Garth ticket two-step: Issue locks out drive-in concertgoers

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KNOXVILLE, Tenn. (WATE) — The thunder continues to roll for Garth Brooks’ concert events.

Ticketmaster said a processing issue caused some seeking tickets for Garth Brooks’ drive-in concert on June 27 to be processed twice causing duplicate charges and tickets.

In two hours 50,000 tickets (or cars) were sold, averaging 5 people a car, according to a release on the event. The error left around 500,000 people still waiting to get tickets.

Ticketmaster says they are putting all tickets back up for sale at noon Saturday, June 20. They will be on sale at Ticketmaster.com/garthbrooks. Swingin’ Midway Drive-in in Athens and Parkway Drive-in in Maryville are hosting the concert event.

Tickets are general admission and limited. They will cost $100, all inclusive. Each ticket will admit one passenger car/truck. The event will take place rain or shine and will begin at dusk.

“We had an issue today during the on-sale in which fans may have received an error message during checkout; however, their order and credit card was processed, causing some fans to have duplicate tickets and charges, which are being refunded. We will be putting all the events back on sale tomorrow, Saturday at 12pm ET / 9am PT. These will be general admission tickets so don’t worry, you have another chance to join us at the drive-in for a great Garth event.“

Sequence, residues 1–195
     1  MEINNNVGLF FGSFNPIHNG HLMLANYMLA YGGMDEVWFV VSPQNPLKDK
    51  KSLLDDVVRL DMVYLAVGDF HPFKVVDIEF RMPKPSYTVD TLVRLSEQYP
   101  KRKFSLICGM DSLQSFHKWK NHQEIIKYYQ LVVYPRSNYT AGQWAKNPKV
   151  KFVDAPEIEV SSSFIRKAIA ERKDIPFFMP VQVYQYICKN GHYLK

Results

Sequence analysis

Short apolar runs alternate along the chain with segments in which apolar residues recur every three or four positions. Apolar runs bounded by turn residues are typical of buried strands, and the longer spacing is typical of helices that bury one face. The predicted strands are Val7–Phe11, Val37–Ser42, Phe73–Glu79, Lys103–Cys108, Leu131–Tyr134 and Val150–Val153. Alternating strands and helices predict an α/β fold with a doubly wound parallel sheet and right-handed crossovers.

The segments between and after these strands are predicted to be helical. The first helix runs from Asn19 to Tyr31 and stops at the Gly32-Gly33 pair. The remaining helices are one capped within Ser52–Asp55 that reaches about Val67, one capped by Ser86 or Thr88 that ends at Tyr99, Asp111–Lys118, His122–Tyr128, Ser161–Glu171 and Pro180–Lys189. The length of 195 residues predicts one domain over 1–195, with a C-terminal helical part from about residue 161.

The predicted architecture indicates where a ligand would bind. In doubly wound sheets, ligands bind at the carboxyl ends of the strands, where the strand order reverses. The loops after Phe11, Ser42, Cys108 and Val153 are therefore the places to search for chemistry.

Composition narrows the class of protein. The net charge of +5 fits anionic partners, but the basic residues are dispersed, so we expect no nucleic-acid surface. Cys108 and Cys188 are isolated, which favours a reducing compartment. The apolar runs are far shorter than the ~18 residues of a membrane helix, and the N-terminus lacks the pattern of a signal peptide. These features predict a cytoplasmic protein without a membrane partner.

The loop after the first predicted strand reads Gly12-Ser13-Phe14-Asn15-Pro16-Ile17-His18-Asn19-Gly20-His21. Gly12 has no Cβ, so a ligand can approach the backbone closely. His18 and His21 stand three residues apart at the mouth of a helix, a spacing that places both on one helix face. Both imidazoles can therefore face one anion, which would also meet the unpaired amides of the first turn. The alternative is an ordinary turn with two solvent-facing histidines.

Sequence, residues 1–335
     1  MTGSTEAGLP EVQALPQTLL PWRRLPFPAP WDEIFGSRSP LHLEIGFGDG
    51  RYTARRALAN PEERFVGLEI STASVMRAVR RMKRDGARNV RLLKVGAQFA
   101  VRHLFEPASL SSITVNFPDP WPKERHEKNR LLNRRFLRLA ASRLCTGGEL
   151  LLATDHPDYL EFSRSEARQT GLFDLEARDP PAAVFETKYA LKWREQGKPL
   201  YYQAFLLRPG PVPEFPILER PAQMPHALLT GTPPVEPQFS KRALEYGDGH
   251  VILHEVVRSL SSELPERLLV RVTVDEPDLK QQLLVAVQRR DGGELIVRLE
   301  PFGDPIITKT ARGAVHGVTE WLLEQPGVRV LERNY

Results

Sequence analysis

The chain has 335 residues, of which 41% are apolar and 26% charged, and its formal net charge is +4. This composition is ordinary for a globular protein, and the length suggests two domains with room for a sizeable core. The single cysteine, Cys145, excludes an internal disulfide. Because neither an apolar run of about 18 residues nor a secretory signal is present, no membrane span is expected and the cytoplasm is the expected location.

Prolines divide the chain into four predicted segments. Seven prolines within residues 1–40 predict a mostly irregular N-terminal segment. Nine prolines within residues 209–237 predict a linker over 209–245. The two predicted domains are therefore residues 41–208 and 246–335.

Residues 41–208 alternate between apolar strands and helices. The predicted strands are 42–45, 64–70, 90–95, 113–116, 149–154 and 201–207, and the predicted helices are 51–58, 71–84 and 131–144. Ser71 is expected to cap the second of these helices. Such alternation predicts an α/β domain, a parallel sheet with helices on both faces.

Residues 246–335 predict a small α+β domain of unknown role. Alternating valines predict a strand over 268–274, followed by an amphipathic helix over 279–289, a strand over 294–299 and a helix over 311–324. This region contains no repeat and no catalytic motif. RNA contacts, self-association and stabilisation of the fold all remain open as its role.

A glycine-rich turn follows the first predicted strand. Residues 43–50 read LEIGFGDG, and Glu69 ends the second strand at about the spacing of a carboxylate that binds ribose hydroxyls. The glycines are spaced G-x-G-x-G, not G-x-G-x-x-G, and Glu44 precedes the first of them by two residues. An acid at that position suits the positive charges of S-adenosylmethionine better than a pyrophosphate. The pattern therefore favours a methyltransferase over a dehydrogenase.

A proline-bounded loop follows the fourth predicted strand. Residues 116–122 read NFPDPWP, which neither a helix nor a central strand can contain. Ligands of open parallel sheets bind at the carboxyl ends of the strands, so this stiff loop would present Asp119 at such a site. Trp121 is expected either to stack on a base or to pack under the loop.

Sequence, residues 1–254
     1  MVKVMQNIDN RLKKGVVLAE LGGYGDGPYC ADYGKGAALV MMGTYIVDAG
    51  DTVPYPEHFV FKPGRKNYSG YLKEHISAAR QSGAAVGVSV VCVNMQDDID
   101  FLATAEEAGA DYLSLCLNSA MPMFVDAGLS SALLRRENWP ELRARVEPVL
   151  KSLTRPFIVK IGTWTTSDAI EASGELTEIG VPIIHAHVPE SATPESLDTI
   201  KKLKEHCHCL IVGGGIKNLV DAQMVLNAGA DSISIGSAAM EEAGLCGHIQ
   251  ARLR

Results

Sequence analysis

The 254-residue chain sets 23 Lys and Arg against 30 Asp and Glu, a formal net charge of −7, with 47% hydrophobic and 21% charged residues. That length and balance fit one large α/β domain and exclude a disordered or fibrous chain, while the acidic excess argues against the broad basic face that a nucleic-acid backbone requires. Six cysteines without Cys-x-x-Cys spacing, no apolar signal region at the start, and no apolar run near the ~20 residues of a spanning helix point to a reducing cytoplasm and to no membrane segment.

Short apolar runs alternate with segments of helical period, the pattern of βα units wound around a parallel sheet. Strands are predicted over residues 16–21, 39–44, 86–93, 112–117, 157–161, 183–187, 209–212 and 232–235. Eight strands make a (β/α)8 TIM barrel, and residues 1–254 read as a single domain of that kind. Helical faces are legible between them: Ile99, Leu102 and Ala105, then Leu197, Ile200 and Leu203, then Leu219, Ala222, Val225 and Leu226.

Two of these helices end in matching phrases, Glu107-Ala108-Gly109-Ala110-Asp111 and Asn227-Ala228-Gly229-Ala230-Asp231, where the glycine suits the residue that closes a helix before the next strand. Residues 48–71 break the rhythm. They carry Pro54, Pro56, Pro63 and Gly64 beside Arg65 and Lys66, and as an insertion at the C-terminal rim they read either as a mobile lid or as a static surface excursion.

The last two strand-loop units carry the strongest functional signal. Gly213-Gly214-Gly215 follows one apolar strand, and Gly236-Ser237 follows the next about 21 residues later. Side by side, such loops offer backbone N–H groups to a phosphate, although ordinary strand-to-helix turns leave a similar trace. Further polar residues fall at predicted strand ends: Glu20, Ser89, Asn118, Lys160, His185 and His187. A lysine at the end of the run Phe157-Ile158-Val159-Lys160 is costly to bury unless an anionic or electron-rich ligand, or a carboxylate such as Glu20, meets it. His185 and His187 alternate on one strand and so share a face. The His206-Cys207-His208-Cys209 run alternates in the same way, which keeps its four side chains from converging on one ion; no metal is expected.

Ticketmaster

It isn’t the first time Brooks has had an issue with tickets. Ticket issues for his November concert at Neyland Stadium cropped up in September. He took the blame saying he released a smaller number of tickets to avoid an empty stadium. Brooks released more tickets later.

The show will adhere to guidelines recommended by the Centers for Disease Control and Prevention as well as all state and local health mandates. Encore Live, who is putting on the event, has partnered with health experts to establish procedures for staff and fans.

Procedures include maintaining at least 6 feet of space between vehicles, the use of personal protective equipment by staff, leveraging contactless payment and ticketing systems, and limiting capacity in restrooms. Guidelines around concessions will also be enforced to abide by individual state regulations.

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